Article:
How Can Assault and Battery Incidents be Valid Personal Injury Cases?

Most of us immediately think of car accidents or slip and fall accidents as being handled by personal injury lawyers. However, the scope is much broader.

Just last year, the Los Angeles personal injury law firm of Carpenter, Zuckerman & Rowley obtained a $6,897,000 re-trial verdict for a Long Beach bar fight case in which the plaintiff only incurred $22,829 in past medical expenses. After being punched in the head by a security guard at the bar, the man represented by the firm endured a hematoma, loss of some tissue in the frontal lobe of his brain, and neuron loss on the right side of his brain. Entering his senior year at Berkeley College with a football scholarship, the plaintiff was declared medically illegible to play contact sports and did not return to the football field. Furthermore, the plaintiff suffered cognitive problems that prevented him from completing his college degree.

Assault and battery are considered intentional torts in which personal injuries are inflicted on one individual by another on purpose. A personal injury lawsuit for a victim of assault and/or battery makes it possible for them to obtain compensation for the intentional injuries they have suffered.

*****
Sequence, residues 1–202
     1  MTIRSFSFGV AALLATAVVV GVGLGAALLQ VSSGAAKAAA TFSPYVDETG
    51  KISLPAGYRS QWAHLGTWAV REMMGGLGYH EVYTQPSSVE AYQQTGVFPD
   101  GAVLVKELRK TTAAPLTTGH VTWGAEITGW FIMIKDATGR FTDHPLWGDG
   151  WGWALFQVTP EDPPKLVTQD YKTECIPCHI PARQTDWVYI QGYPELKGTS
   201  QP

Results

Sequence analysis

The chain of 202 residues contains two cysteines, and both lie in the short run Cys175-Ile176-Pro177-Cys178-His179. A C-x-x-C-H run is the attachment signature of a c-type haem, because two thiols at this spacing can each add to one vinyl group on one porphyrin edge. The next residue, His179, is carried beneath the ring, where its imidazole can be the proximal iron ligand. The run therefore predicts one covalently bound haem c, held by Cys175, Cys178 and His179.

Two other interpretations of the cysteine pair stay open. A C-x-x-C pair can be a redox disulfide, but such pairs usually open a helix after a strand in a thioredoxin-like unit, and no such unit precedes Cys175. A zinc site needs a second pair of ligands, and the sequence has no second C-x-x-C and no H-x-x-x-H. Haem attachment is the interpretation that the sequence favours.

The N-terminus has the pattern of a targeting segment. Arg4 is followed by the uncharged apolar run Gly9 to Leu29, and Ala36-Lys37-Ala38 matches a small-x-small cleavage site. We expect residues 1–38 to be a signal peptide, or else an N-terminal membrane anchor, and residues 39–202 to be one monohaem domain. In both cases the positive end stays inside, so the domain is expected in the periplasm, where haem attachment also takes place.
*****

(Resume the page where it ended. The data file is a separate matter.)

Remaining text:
Brian Stow, a San Francisco Giants fan, was severely beaten at Dodger Stadium on Opening Day and was only taken off a ventilator to breathe on his own in late July due to the reduced swelling in his brain. According to reports, doctors have performed a lumbar drain on Stow to help lessen the excessive amount of fluid in his brain. The expenses for Stow’s medical care and treatment are staggering, and they will only increase.

So who is legally responsible for assault and battery? If only the answer were so simple. Individuals who are directly responsible for an assault and/or battery are not always caught. This leaves victims and their families not only with the grief of knowing their assailant is on the loose, but also with greater challenges in obtaining compensation for damages associated with their injuries. Depending on the circumstances of a particular assault or battery case, however, the owners of the property where the attack took place could be held liable.

Los Angeles assault and battery lawyers like the ones at Carpenter, Zuckerman & Rowley have the tenacity to conduct thorough investigations so that parties responsible for a victim’s injuries are held accountable. To learn how Carpenter, Zuckerman & Rowley may be able to help, call 213-514-8332 for a free consultation.

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